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Sign Language Studies

American Annals of the Deaf

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Deaf-Blind Reality: Living the Life
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As for management of my personal business and duties, I relied on an SSP to help me with reading and responding to mail and doing errands (e.g., grocery shopping). For washing bedding and other large items, the SSP assisted me in going to the laundromat and operating the larger, commercial machines to avoid the many steps up and down the stairs of the apartment building with its standard machines and competing tenants.

Earlier, I had residual vision and wore hearing aids, and upon the diagnosis of Usher’s syndrome, I received O&M training to learn to use a white cane. Up to that point, it had been so habitual for me to walk around without the cane, bumping into people and objects, that I continued this means of traveling alone, until I stumbled off a curb in a shaded area and sprained my ankle. After that, I preferred to use the cane, though it annoyed me when its tip lodged in cracks, causing its handle to hit me in the stomach. When I was feeling fatigued or under the weather, the cane hitting things resulted in overstimulation and heightened anxiety.

When I began to have fearful close calls with vehicles coming from the left and right, I applied for a dog guide. Either with or without a cane or dog guide, I thought nothing of traveling anywhere, be it the doctor’s clinic, the grocery store, or work. Five days a week, my dog guide and I walked a mile to work and home again, in all four seasons. Occasionally, in adverse weather conditions or distances longer than a mile within the community, we took the small city bus. If I needed to venture out of town to attend continuing education workshops, I paid drivers from a local church.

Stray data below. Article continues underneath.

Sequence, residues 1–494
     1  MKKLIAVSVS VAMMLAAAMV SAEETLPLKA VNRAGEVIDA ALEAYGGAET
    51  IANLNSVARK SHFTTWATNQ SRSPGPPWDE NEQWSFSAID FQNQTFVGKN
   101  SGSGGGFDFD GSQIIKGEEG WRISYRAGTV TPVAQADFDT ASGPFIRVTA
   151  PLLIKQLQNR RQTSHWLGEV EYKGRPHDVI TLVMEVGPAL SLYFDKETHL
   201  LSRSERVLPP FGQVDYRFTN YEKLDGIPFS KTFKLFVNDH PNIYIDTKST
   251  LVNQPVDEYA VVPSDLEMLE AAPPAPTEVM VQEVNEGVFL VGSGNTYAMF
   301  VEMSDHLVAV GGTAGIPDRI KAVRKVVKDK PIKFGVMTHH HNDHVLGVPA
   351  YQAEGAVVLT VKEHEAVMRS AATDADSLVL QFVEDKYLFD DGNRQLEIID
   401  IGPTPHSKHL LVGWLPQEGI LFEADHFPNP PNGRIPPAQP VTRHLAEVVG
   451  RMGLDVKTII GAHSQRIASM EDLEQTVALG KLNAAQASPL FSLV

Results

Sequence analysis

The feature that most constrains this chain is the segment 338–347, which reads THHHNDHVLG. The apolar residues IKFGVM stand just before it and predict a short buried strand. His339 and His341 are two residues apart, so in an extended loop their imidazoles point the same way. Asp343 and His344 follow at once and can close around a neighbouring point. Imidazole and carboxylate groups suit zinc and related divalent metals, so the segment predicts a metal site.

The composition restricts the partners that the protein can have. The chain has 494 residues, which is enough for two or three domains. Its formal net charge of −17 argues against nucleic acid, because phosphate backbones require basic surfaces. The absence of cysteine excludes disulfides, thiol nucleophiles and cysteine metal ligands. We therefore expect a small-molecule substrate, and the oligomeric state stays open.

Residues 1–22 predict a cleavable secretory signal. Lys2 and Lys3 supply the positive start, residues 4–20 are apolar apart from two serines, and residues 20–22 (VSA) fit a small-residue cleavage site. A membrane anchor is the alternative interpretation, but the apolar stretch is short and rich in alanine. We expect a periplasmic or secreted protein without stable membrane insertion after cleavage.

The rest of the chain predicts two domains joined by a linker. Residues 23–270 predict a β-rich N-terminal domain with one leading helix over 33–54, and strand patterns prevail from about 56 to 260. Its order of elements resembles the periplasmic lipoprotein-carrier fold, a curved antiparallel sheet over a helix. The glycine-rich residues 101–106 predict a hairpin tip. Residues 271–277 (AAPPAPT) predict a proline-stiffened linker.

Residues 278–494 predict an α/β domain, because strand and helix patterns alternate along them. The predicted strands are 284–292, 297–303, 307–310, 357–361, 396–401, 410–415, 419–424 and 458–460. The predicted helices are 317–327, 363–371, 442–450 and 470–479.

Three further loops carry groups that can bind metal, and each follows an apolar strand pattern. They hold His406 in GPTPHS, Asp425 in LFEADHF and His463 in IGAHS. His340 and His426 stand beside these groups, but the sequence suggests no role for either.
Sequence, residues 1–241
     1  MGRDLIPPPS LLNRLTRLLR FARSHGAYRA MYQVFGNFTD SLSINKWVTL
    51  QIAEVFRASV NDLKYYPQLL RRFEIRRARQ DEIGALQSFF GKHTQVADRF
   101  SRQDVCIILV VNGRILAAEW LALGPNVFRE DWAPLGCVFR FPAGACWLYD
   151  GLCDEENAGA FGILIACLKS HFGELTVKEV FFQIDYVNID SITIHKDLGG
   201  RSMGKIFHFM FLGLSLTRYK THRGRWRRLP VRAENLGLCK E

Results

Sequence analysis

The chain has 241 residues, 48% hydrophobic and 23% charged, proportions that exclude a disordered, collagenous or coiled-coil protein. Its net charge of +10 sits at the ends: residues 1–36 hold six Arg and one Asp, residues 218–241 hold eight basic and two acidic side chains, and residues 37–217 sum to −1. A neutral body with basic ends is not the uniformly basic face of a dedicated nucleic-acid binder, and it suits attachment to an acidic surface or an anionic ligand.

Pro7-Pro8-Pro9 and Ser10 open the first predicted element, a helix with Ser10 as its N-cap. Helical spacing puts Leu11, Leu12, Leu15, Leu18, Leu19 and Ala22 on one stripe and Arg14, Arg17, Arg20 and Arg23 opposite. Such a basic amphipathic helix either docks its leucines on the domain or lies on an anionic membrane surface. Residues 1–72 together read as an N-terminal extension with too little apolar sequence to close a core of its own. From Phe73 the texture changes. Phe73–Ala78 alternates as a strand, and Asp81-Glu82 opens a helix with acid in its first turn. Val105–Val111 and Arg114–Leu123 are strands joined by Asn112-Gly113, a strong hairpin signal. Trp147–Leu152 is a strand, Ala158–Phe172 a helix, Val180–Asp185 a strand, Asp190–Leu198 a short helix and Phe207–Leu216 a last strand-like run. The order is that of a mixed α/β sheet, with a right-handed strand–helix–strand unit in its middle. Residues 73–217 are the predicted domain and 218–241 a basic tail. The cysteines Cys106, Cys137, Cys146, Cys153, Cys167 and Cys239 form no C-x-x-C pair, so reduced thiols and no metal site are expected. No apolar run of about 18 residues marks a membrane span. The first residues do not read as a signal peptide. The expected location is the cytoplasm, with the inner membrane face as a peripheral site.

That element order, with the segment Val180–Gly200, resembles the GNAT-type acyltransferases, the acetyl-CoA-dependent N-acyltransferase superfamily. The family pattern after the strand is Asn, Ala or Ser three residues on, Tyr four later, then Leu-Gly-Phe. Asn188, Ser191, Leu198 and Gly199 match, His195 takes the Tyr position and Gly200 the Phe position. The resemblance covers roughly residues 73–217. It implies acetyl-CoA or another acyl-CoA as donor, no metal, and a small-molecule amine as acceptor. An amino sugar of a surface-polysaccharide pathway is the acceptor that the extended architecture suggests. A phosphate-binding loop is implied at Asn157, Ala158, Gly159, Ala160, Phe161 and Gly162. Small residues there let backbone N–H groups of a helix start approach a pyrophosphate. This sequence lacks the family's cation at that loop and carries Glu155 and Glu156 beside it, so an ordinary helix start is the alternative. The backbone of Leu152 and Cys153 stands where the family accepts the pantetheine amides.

Within all facilities, I relied on my residual senses to locate things independently. Strangers usually provided me with verbal directions if need be. I would beam with pride if they asked me questions about my dog guide.

As I began to lose the rest of both my residual vision and hearing, traveling became a bigger challenge. It was increasingly difficult to localize traffic at busy, lighted intersections. Turning more to my tactual and olfactory senses resulted in me getting lost, even on familiar routes. I could no longer find my way in buildings or hear people giving me directions in them, causing me to feel insecure, frustrated, and discouraged.

Bilateral CIs obtained in 2000 and 2005 then enabled me to better hear vehicles on quieter streets. Audible and vibrating signals were installed to assist me with busy traffic flows, though distracted and impatient drivers are becoming a concern.

An SSP drove me to businesses, guided me within them, and located desired items and services for me. She also assisted me with participating in some community activities, such as martial arts and the Thanksgiving banquet for deaf-blind people. A hired driver helped me with medical appointments.

I hope, in the future, that accessible cell phones and GPS will be more affordable and manageable to permit me to travel more independently within my community and revive my confidence.


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